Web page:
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Rebel T3 to 70D

jdundas
Occasional Contributor

Hello, thanks in advance for your input if you decide to read and reply. 

 

I currently have a rebel t3, an EFS 18-55mm 4.5, and an EFS 55-250mm lense. It has been a great first DSLR, but I feel greatly held back by the setup. I have been shooting for 4 years now and have come a long way and feel that an upgrade in either lenses or a body (OR BOTH) would improve my photos. I am getting into timelapse and hyperlapse photography as well as some filming too. I am looking for crisper, higher quality images and I just feel like the T3 is holding me back of my potential. 

 

Would going from the T3 to a 70D be a nice upgrade? I also need this to be affordable. I figured I could sell my in perfect condition T3 for 150-200 and buy a referbished or new 70D for 700-800. Or, is would there be a different body you guys would recommend? Would it even make sense to sell the lenses too and start fresh with new lenses?

 

I appreciate your inpute,

Jeff

28 REPLIES 28

ebiggs1
Forum Elite

I am going with Robert's suggestion of the Canon EF-S 17-55mm f/2.8 IS USM Lens as a first choice.  You can't go wrong with it.  But I do think the Rebel T3 to be a pretty limited body.  A great solution would be a T6i and the Canon EF-S 17-55mm f/2.8 IS USM Lens.  Most of the time lenses are where it's at. They are what make the picture. Not the camera.

 

"I could sell my in perfect condition T3 for 150-200"  Yes, a good idea.  Get somebody else started in the hobby. Smiley Happy Also sell the lenses you have, "EFS 18-55mm 4.5, and an EFS 55-250mm", too.

 

Better camera deserves better lenses. Right?

 

Now about the 50mm f1.8.  i wouldn't buy one.  Primes offer little and are very specialized now.  Zooms are nearly as sharp and far more versatile.  The 50 does offer a little more than a stop in aperture.  That's about it though.

 

Give the T6i and the Canon EF-S 17-55mm f/2.8 IS USM Lens a good look.  Just a suggestion but I would get the battery grip with a T6i. It turns it into a totally different feel. Much better, IMHO, of course.

EB
EOS 1DX and 1D Mk IV and several lenses!

jdundas
Occasional Contributor

Considering my very limited budget what would you think about me picking up a helios 135mm 2.8 for around $120-150? I also picked up a 50mm 1.8 yesterday which I am enjoying. Right now I can't drop $700 or more on a lense. If I were to buy a 70D it was going to be in the future..


@jdundas wrote:

Considering my very limited budget what would you think about me picking up a helios 135mm 2.8 for around $120-150? I also picked up a 50mm 1.8 yesterday which I am enjoying. Right now I can't drop $700 or more on a lense. If I were to buy a 70D it was going to be in the future..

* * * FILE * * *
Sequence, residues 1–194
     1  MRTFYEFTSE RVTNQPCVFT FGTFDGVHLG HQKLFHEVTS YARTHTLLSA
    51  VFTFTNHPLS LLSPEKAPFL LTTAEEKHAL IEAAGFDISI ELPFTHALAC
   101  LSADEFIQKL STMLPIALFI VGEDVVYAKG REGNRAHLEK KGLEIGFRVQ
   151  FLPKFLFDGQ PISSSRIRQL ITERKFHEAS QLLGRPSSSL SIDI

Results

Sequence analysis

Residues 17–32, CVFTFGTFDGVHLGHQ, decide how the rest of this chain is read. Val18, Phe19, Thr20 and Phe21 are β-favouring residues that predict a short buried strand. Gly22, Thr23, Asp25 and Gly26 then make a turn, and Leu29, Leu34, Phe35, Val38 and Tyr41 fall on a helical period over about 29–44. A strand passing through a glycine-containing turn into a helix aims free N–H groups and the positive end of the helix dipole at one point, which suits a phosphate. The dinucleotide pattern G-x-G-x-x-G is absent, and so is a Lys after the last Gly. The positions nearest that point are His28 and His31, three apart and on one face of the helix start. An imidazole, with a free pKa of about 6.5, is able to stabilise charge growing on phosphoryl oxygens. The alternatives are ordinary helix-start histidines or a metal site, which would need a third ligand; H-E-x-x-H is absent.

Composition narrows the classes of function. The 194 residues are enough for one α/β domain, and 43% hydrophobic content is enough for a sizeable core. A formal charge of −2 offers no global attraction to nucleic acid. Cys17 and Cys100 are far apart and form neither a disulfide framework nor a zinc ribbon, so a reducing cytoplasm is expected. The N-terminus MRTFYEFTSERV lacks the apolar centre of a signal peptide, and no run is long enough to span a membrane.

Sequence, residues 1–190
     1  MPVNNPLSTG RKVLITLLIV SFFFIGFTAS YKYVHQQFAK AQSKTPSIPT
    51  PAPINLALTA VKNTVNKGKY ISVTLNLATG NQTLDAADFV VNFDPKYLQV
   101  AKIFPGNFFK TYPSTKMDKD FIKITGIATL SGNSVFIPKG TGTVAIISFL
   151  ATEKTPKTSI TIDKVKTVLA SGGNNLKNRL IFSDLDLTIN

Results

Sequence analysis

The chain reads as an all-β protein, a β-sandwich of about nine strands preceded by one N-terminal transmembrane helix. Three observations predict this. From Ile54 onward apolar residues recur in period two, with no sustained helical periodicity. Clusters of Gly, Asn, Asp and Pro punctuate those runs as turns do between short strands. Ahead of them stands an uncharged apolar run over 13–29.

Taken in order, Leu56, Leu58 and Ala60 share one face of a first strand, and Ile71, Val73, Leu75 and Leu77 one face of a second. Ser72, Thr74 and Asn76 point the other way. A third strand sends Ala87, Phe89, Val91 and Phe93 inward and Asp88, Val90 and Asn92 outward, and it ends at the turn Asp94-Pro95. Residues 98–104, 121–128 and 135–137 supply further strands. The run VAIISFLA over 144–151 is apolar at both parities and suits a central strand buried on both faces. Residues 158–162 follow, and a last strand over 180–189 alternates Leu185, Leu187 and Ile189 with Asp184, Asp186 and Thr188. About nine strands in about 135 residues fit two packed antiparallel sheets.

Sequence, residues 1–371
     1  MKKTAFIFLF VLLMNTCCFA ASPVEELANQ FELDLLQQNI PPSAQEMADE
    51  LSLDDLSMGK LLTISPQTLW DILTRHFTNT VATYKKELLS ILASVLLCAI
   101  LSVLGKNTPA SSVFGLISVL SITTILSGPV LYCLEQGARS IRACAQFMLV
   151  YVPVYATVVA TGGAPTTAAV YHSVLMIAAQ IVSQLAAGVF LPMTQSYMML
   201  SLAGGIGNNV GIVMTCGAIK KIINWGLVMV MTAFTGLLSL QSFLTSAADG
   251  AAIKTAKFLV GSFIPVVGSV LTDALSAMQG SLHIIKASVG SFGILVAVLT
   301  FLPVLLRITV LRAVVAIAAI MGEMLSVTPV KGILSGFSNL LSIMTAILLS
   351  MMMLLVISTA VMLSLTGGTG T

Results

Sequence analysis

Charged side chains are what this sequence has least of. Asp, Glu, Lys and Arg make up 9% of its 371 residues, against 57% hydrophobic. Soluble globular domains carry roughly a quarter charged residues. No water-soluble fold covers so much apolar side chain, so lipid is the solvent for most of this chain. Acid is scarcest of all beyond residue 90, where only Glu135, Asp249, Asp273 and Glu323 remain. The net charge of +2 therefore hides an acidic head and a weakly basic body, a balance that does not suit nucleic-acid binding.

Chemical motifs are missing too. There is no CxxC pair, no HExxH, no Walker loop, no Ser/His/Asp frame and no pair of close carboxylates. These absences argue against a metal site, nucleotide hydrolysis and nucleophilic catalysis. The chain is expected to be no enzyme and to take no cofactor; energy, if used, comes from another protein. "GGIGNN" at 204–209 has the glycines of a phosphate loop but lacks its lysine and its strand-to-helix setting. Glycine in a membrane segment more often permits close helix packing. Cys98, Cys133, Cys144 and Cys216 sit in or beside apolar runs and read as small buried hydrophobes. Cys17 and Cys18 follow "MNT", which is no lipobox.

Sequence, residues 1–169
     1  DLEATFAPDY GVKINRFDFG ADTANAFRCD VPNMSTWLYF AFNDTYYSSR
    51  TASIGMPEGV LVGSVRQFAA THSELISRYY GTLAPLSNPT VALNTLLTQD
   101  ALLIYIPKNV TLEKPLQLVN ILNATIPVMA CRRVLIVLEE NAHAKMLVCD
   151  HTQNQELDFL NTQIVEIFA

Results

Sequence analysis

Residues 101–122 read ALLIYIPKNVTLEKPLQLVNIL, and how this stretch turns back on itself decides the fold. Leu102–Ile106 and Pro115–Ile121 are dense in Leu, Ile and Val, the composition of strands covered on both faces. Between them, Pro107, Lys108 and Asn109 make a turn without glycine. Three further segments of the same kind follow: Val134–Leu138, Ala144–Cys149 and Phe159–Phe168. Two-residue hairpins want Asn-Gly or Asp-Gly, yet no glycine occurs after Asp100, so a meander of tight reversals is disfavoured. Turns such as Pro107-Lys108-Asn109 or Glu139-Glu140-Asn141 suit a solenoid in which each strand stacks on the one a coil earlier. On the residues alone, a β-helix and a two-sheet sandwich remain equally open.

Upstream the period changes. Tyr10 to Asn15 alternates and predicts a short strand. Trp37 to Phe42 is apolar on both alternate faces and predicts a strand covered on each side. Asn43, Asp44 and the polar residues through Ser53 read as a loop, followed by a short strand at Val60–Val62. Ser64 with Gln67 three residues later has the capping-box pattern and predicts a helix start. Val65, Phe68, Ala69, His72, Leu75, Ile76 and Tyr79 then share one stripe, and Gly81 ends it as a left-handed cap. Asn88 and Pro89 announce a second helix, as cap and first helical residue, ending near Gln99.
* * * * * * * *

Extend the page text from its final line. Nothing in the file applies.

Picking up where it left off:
What purpose is this "helios 135mm 2.8" going to serve?  How good is that lens?  Your 55-250 covers that focal length already.

 

The EF 55-250 f/4-5.6 IS II lens that I have is a pretty good lens for the price.  It gets great bokeh.  Here is a shot with your same lens, that just happens to have been set to 135mm.

 

IMG_2015_07_120201.jpg

 

Rebel T5, EF 55-250 f/4-5.6 IS II, 135mm, 1/250, f/5.6, ISO-200, "P" mode.  This is a "practice" shot, for bokeh [and DOF].

 

You have just picked up a new(?) 50mm lens.  I hope you have the EF 50mm f/1.8 STM, the one that has a metal connection to the camera, instead of the cheap black plastic.  Learn to use that lens' wide aperture effectively, save your money.

 

Practice controlling the bokeh [depth of field], to produce shots like the one above.  Both foregraound and background wild flowers are equally out of focus, with only the flowers at a mid-range distance in focus.  I had to move to just the right distance, and focal length, to get that shot.

 

Remember, the more money you save now, the sooner that you can get that camera upgrade at some future date.

----------------------------------------------------------------------------------------------------------------------------------------------------------

"Doctor told me to get out and walk, so I bought a Canon."

"It gets great bokeh."

 

There is a big difference between OOF backgrounds and bokeh.  Yours is OOF.

EB
EOS 1DX and 1D Mk IV and several lenses!


@ebiggs1 wrote:

"It gets great bokeh."

 

There is a big difference between OOF backgrounds and bokeh.  Yours is OOF.